Who is disabled? 

I started off writing this blog, “coming to terms with a disabled son” or “the impact of having a disabled son” we’re titles that I thought were suitable. I was fresh out of a meeting about Disability living allowance and feeling very melancholy about how ‘disabled’ Reed is and the injustice that we haven’t received support, help or guidance about how to care for our highly disabled son. I know Reed has been poorly for quite some time now, but this the first time I had heard of him being described as disabled. Therefore he must be disabled, right?

So once I stopped being a prat and feeling sorry about myself I got to thinking…… “Who is really disabled?” Cause it sure isn’t Reed! Yeah he has seizures and he is going to be having surgery (when they get round to it) but check him out: 


Epilepsy is a bastard and wipes him out for hours at a time, but he gets up, finds his dummy, Gigi, taggy and he is off. Often a bit like a fast forward video or a mime artist. Annabelle and Reed were playing chase the other day giggling, He explores (extensively) every environment that he enters, he has started to turn pages of books and loves sensory toys and the allotment. He will give anyone a cuddle and regularly steals biscuits from the other mummies at play group! He has no problem demonstrating his needs and everyone will hear about it!  He has no cares in the world and as long as we make sure he can sleep when he fancies it, eat when and what he likes and can climb onto a box and stamp around then he is as happy as a pig in mud! 

Disabled seems like such a negative word and negative and Reedy do not belong in the same sentence. Reeds condition has been catestrophic to us NOT Reed, So I got to thinking if a label of disabled need to be applied then it is to us not him.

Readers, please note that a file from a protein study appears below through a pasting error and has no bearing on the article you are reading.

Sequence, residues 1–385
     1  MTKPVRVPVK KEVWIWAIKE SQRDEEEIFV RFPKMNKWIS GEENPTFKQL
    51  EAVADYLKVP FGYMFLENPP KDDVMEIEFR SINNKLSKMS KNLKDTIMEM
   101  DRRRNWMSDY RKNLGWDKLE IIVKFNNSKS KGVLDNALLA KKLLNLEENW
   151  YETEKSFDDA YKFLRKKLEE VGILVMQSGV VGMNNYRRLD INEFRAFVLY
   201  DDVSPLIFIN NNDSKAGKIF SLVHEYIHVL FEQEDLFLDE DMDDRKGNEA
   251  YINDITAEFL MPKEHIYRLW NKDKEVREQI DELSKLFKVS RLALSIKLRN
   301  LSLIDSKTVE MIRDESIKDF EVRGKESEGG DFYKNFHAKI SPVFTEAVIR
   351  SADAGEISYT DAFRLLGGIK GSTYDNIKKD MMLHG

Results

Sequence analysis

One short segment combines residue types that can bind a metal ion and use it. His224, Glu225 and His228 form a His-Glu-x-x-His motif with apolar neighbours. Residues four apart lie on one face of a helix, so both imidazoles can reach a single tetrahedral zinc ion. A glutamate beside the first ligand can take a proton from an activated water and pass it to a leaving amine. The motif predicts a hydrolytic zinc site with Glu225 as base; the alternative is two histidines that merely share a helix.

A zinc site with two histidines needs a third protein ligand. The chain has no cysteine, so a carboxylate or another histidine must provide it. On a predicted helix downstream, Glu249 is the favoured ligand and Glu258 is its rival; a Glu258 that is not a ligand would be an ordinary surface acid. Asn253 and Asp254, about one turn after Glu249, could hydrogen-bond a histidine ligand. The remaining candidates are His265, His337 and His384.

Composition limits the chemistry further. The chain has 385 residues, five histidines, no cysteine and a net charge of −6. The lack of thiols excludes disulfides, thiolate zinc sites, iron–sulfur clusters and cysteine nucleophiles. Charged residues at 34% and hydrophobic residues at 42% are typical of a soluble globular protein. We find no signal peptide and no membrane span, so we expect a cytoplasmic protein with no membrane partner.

2 thoughts on “Who is disabled? 

  1. Gill Tippins

    Yes disabled is a negative word but keep it in context like blond or brunette, fat or thin, it just says something about an individual. So think of all the positive stuff and try not to dwell on negative.

    Something to make you smile. In my late teens I worked in a showroom and one of our clients was from a disabled swimming club, he came into office to buy goods and I was aware of him watching me. Eventually he asked if I could swim breast stroke, I answered yes and he asked if I would swim for their team. I was totally at a loss why an earth he was asking this. Rather embarrased he said he had noticed I walked with a limp, my retort was yes but I am not disabled. My office supervisor came to defuse this awkward situation and explained that I had polio as a baby and was short and weak on one side. Despite this careful explanation I was most indignant and stressed that I was not disabled.
    In my teens I was turned down for jobs due to disability, but ended my employed years in a managerial position and now run my own small business. I ran a marathon and got a blackbelt at karate, your as normal or disabled as you allow yourself to be. Obviously there are things out of Reeds control but put them aside and focus on things he can do not what he cannot do and he will be a champion

    xxxxx to you all


  2. Cindy Cull

    You are right – HE is not disabled – his condition is. Yes he has special needs, to make sure he is safe whilst progressing & learning as other boys his age safe. Protected and loved, as he is. His illness is normal to him, it is part of him & the time he has where he is totally normal he fits everything else in, However, he can be disabled when you need financial support & a car parking permit [ envy ]…He is a fab boy with an illness. Who will bring you anxiety and joj. Thank God he has a professional care giver as a mum.x Respect to you all



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